Fernandez clears air with Peralta after beaning

Marlins pitcher reaches out to D-backs infielder to check on him

Fernandez clears air with Peralta after beaning

SAN DIEGO -- After the Marlins defeated the D-backs, 5-3, on Wednesday night, Jose Fernandez reached out to David Peralta, who was struck in the helmet by a pitch.

In the sixth inning, Fernandez's 97-mph fastball ran up and plunked Peralta on the side of the helmet, causing a scary situation after the D-backs outfielder remained on the ground.

Through Marlins infielder Martin Prado, Fernandez has developed a friendship with Peralta.

Prado made a phone call to Peralta after the game, with Fernandez by his side.

"I got a chance to talk to him last night," Fernandez said Thursday. "Everything was fine. Every result came out positive. That was good."

The beaning naturally upset the D-backs, and hitting coach Turner Ward was ejected for screaming at Fernandez as he approached Peralta to check on the injured outfielder.

"I'm human. I care," Fernandez said. "I'm not going to stand on the mound. I saw him on the ground. My first reaction was to go to see if he was all right."

Fernandez understands the D-backs' frustration.

"I just hit their four-hitter in the helmet," he said. "I can see why they'd be angry."

Fernandez was visibly shaken by the beaning, and even asked the umpire if he could throw a few warmup pitches before facing the next batter. He was informed he couldn't.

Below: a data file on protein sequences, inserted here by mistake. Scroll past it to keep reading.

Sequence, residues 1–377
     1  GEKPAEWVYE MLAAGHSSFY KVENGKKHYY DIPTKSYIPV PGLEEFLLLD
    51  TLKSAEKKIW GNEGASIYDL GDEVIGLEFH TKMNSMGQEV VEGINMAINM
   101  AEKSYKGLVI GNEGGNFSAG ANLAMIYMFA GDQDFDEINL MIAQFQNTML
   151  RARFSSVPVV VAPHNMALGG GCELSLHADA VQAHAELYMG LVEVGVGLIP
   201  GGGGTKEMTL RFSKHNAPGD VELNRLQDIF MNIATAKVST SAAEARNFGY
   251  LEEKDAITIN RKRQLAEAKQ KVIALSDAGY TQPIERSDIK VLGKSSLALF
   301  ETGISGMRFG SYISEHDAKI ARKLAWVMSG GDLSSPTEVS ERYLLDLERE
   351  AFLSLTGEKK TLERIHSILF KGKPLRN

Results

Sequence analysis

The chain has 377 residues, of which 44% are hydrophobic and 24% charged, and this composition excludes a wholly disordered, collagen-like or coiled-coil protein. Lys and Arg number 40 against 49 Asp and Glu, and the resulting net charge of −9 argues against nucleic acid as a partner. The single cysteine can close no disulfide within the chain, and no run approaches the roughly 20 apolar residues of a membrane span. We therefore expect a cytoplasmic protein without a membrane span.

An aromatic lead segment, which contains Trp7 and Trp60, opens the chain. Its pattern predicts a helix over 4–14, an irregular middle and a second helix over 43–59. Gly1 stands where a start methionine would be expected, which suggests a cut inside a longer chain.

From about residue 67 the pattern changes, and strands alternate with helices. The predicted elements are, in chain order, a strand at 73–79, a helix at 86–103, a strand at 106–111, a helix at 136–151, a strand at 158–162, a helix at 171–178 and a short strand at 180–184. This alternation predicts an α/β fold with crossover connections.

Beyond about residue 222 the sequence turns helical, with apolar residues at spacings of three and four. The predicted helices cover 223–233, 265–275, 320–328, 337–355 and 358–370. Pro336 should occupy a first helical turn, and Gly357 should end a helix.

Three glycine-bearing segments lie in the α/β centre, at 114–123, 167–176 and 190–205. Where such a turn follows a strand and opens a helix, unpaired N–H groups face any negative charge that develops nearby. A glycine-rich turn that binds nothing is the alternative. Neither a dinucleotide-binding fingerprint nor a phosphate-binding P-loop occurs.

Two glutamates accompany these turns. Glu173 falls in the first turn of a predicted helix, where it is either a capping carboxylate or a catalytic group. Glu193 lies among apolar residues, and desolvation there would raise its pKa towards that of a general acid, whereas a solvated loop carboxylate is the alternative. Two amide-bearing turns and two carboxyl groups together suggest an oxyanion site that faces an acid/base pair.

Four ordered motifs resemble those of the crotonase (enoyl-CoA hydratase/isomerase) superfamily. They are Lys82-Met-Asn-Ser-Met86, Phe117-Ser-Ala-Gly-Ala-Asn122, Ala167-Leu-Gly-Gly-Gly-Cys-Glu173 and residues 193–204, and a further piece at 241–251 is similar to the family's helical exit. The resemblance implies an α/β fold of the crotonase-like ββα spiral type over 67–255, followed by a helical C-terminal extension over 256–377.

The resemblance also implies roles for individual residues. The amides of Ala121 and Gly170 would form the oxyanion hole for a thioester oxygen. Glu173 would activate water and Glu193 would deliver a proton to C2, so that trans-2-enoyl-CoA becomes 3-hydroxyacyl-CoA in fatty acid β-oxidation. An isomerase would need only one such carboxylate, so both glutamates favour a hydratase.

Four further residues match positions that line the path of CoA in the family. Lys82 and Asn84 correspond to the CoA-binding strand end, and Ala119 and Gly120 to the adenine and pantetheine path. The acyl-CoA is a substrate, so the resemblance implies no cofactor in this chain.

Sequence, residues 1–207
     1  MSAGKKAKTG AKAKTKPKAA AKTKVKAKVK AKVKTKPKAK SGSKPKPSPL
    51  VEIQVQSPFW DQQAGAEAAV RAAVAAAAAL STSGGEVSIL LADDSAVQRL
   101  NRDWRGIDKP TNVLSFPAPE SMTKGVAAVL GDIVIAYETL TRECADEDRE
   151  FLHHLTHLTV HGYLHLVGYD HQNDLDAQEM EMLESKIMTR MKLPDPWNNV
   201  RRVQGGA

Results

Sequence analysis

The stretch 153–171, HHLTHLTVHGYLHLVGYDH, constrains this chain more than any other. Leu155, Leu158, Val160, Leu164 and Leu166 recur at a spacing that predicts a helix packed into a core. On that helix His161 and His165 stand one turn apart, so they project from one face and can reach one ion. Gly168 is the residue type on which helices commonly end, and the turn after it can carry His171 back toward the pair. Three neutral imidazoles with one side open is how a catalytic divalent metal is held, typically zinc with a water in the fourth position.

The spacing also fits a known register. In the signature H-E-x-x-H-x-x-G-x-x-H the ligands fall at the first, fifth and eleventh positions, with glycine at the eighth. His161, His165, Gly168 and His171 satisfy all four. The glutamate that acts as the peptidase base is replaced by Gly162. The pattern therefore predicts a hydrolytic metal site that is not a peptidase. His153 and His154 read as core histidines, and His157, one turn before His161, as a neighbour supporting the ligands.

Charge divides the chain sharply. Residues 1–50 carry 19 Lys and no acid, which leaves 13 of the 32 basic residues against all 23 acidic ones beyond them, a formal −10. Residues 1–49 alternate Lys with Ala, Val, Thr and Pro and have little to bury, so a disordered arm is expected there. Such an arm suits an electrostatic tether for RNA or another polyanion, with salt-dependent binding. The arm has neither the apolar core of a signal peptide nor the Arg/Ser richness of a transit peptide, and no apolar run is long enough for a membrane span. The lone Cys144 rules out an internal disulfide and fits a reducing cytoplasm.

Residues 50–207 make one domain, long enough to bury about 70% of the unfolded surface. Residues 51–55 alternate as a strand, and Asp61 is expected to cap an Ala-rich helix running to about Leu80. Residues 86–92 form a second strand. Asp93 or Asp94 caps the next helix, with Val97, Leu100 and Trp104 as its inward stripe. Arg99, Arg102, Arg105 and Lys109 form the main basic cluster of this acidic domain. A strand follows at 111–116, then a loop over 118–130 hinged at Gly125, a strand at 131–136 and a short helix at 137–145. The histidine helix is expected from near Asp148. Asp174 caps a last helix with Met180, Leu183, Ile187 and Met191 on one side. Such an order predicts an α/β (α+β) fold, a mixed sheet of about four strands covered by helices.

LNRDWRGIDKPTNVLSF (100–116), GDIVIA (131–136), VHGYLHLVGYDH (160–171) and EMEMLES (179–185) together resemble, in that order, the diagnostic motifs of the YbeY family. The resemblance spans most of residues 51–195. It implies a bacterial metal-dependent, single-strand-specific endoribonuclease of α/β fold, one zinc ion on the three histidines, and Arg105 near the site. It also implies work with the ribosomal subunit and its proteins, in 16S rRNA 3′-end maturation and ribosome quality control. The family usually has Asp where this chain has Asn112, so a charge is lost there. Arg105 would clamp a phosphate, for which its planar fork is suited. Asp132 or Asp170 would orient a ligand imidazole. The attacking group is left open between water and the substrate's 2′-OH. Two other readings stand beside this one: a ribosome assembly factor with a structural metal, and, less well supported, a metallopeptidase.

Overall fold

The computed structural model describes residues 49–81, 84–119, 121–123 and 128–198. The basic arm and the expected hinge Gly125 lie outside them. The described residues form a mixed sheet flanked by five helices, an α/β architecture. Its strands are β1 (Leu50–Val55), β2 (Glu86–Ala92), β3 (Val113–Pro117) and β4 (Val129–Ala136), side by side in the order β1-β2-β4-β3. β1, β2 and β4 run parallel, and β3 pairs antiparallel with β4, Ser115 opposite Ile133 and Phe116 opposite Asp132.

Regrouping, Fernandez said, wasn't easy. He struck out the next batter and gave up a hit in the next inning.

"It's not easy," Fernandez said. "At least for me, it's not easy."

Marlins manager Dan Jennings insisted there was no intent to hit Peralta.

"Our reports were to pitch the guy inside," the manager said. "We went in, the ball got away. There was no intent to that at all."

Postgame, Jennings cleared the air with Ward. The two have South Alabama ties.

"We're from the same hometown," Jennings said. "I've known him a long time. We exchanged texts afterwards. I texted him to make sure Peralta was fine. He said he was. There were no hard feelings at all. He was trying to get his player space in that circle."

One thing that did bother Jennings was the D-backs retaliating when Dominic Leone pegged Christian Yelich on the hip the next inning. Leone was ejected.

"I didn't like it. It [ticked] me off," Jennings said. "There was no intent for Jose to do it. So, for them to retaliate, if that's what they felt like they should do. Then they did it below the waist. You know what, it won't be forgotten. Yelly is a special player here in this organization. He's one of our players. There was no intent for Jose."

Joe Frisaro is a reporter for MLB.com. He writes a blog, called The Fish Pond. Follow him on Twitter @JoeFrisaro and listen to his podcast. This story was not subject to the approval of Major League Baseball or its clubs.